No one I know likes junk calls. Many countries have a Telephone Preference Service / Do No Call list, but scammers ignore those and use spoof numbers to fool would-be victims.
I have a crowdsourced app where people report the numbers and nature of cold callers which is then written to my contacts list. When one of these numbers call, I can see from caller ID that it’s a beauty centre or fake loan company or whatever scam-du-jour.
There are different variants in different countries. The newest champion of consumers is Roger Anderson, who created a bot called the Jolly Roger Telephone Co. The bot is remarkably human-like, its intention is to fool cold callers that they are talking to a human being. It responds with a “hello” to get autodialers to respond and transfer to humans. It converses using ambigious “yeah” “uh-huh” and “right” responses. If the caller starts to get suspicious, the fun starts:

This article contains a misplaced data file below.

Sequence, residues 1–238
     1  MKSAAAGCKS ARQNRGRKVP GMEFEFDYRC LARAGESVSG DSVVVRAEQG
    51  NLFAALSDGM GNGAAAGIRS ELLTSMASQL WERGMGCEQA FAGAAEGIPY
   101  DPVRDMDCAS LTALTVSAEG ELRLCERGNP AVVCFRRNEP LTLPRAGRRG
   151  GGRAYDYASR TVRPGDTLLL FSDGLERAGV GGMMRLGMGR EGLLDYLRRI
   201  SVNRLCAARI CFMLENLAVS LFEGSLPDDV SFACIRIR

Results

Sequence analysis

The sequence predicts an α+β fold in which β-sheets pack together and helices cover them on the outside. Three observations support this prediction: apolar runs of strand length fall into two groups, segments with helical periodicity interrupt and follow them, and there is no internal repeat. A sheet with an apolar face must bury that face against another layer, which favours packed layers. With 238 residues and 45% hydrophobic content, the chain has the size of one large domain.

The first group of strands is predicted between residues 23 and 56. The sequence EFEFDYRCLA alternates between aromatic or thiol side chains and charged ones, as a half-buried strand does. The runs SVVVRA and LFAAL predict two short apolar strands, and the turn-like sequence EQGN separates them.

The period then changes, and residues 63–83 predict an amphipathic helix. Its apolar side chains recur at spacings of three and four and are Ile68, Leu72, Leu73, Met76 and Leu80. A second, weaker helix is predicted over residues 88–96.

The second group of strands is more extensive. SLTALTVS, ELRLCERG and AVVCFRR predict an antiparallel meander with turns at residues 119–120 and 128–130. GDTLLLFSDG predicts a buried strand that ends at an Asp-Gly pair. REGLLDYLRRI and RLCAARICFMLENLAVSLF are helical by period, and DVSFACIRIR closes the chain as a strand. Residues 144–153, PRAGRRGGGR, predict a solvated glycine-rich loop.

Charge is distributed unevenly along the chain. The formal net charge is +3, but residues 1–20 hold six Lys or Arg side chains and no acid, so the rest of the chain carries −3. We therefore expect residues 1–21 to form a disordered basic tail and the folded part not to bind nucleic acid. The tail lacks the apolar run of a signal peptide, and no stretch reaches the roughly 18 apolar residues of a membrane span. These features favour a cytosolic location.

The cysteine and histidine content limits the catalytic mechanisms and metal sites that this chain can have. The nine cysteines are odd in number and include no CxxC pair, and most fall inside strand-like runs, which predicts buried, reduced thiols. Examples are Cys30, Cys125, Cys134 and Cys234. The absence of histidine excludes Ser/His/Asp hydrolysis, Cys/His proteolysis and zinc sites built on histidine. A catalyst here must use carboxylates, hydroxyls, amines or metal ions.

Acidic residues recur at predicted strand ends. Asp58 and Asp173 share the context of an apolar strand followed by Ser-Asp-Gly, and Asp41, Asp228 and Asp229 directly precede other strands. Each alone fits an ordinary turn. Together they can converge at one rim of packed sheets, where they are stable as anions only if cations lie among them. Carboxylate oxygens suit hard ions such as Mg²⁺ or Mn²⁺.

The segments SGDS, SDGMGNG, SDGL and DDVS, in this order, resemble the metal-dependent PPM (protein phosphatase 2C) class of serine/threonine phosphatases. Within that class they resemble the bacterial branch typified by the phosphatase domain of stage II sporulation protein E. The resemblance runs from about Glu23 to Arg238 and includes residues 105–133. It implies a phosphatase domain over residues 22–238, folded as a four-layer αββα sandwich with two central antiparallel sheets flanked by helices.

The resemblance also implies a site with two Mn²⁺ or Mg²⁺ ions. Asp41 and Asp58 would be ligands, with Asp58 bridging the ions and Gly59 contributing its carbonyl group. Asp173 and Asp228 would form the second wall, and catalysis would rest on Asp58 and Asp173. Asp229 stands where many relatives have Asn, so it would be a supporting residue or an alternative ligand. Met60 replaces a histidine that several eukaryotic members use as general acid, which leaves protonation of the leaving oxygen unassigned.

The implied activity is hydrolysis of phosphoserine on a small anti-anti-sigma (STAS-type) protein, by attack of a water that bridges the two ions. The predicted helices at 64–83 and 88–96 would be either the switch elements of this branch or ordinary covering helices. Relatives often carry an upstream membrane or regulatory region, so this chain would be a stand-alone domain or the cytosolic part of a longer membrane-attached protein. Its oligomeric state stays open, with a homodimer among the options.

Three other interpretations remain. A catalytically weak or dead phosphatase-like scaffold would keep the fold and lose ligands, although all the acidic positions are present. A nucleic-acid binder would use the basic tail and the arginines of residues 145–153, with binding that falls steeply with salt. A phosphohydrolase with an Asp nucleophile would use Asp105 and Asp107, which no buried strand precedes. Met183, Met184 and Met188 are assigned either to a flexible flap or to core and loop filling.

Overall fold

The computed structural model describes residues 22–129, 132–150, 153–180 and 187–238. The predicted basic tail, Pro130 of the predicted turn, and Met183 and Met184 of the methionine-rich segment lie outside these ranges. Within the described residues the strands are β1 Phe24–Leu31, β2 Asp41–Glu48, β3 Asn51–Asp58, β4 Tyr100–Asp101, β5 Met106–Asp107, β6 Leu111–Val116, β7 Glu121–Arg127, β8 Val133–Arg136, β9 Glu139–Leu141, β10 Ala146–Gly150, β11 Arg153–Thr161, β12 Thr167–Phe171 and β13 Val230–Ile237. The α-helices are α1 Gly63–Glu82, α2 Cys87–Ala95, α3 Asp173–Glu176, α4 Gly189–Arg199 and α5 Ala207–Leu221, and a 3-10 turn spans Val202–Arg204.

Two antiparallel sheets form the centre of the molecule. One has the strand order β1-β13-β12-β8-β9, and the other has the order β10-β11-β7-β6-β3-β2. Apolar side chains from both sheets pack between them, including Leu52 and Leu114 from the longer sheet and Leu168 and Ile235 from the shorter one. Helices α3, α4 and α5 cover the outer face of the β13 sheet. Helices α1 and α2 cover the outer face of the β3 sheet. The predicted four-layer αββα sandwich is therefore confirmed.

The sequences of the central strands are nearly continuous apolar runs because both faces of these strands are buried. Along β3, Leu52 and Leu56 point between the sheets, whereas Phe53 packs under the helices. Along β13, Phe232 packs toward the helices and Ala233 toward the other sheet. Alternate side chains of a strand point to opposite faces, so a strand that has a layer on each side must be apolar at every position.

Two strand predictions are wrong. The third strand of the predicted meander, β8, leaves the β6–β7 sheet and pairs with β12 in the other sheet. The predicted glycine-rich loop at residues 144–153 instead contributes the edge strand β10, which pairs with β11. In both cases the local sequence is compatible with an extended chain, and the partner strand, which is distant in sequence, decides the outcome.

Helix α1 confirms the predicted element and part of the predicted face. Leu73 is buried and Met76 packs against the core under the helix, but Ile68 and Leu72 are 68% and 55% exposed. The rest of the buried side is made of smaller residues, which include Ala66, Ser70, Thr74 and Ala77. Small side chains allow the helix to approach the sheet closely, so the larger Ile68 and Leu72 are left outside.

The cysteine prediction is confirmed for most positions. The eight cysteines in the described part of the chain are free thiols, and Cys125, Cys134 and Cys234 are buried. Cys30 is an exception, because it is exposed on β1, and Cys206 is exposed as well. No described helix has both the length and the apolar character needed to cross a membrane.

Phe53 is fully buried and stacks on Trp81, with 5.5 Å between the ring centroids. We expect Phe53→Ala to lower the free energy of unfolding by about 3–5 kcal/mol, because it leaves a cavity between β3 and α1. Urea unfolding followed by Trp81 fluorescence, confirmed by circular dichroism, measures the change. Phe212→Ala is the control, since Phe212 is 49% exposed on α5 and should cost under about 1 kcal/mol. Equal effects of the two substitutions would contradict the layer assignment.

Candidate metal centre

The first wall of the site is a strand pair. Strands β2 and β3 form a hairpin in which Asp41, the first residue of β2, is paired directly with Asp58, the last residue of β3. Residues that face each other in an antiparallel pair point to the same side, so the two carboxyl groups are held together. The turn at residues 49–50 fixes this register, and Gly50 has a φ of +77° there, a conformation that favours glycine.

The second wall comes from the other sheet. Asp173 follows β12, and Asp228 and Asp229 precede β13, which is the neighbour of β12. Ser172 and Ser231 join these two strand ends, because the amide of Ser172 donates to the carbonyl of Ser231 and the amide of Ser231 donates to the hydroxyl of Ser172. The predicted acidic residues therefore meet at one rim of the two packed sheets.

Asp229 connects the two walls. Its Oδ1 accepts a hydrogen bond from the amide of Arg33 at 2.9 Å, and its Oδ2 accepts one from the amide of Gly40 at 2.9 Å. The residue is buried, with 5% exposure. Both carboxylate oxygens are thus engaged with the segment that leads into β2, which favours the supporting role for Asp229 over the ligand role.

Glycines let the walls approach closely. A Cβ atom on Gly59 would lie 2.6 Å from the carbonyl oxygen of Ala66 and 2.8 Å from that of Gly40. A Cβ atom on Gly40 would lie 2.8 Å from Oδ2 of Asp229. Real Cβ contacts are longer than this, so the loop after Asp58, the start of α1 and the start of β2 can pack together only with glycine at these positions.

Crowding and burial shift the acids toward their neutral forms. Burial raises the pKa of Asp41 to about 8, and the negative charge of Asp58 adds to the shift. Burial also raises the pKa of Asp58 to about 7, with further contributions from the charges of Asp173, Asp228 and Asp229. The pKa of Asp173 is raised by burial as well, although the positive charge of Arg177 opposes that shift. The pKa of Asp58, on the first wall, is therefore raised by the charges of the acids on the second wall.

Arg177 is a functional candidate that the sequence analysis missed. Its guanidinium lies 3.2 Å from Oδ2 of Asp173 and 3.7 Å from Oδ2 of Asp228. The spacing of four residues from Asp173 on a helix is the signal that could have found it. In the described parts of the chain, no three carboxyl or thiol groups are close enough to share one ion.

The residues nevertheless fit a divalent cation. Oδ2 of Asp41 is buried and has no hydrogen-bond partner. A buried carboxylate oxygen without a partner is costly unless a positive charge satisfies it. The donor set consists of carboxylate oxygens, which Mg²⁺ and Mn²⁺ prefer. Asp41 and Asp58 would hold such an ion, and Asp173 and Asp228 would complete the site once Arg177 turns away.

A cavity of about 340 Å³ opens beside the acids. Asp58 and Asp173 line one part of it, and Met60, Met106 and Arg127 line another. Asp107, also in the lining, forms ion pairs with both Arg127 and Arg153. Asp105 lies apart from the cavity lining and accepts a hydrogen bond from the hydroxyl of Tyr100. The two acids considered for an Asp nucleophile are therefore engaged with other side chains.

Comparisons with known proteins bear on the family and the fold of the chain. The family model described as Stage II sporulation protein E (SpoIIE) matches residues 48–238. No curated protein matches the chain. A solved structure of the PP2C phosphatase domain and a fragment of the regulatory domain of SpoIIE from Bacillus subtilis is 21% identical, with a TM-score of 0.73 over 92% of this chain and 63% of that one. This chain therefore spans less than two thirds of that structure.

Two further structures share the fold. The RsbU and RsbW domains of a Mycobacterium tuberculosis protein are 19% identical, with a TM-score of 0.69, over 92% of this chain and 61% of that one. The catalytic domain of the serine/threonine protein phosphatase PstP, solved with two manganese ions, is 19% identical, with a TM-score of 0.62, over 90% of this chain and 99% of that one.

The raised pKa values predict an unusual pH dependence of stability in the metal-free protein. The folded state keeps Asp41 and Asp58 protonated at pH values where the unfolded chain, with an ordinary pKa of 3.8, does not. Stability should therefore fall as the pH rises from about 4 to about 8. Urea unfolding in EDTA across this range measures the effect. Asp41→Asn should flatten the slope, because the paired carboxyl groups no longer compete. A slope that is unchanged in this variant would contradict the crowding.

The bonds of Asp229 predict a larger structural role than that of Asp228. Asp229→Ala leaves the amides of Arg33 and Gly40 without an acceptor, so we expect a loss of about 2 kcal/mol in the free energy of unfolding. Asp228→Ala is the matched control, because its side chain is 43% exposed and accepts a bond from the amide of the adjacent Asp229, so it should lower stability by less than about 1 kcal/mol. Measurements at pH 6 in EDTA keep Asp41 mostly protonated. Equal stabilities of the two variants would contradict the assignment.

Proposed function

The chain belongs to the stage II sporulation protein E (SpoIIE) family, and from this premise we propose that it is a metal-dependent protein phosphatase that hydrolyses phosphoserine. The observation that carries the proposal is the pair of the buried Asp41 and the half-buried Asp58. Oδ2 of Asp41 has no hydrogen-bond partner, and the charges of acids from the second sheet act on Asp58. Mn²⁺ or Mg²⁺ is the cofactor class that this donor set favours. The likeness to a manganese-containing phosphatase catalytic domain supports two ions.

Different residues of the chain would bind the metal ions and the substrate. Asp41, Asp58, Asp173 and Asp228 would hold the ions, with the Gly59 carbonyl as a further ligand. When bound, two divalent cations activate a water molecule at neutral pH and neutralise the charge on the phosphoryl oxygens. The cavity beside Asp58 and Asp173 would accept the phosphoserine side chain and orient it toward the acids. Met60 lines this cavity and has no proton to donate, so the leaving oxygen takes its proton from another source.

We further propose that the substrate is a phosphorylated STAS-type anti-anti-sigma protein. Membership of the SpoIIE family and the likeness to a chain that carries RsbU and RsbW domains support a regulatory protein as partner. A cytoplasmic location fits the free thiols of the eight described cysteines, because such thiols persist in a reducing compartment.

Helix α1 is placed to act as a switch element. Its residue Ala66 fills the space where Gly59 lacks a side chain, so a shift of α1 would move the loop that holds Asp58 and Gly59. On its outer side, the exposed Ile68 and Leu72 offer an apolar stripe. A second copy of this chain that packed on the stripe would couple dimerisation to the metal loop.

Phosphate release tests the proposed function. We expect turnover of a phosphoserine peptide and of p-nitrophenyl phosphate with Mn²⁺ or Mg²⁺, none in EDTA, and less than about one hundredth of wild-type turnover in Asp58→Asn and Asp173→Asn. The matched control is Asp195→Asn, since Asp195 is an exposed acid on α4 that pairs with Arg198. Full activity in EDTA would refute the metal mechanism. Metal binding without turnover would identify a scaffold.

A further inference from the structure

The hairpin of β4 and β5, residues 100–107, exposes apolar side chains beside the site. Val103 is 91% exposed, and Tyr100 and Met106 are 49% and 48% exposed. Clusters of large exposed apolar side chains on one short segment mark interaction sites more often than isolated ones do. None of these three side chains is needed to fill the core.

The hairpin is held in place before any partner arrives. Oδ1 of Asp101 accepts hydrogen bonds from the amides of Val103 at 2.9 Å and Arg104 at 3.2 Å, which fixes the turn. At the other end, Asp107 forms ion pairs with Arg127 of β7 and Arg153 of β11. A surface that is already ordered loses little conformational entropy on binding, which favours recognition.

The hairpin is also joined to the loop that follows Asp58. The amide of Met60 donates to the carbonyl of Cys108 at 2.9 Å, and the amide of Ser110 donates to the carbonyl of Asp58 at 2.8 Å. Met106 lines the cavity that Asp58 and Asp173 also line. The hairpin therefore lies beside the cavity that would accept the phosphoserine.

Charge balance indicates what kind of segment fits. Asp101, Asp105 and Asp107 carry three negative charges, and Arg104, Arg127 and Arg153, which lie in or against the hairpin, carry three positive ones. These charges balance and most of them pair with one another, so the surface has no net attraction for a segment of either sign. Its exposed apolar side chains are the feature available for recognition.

it responds with a few different things, like telling “honey” it’s on the phone right now and asking the telemarketer to repeat, or going into a short story about how it just woke up and needs some coffee
Giz called him a hero and points out that
before you feel bad for the people making these calls, it’s important to remember that they’re often using spoofed numbers to get around the FCC’s do not call lists.
Calls are recorded and posted for our enjoyment. This one is from “PC Solutions” about a virus on his computer. I love love love when the bot says there’s a bee on his arm but the caller should keep talking. Hahaha.
There’s now a kickstarter to expand the service to more voices and comments as well as to pay for the bot’s phone line. In the meantime anyone in the US or UK can forward or conference junk callers to the bot by following simple instructions: US | UK.
It’s a small dent in the fight against scam junk callers, but it’s a start. Plus, it’s amusing.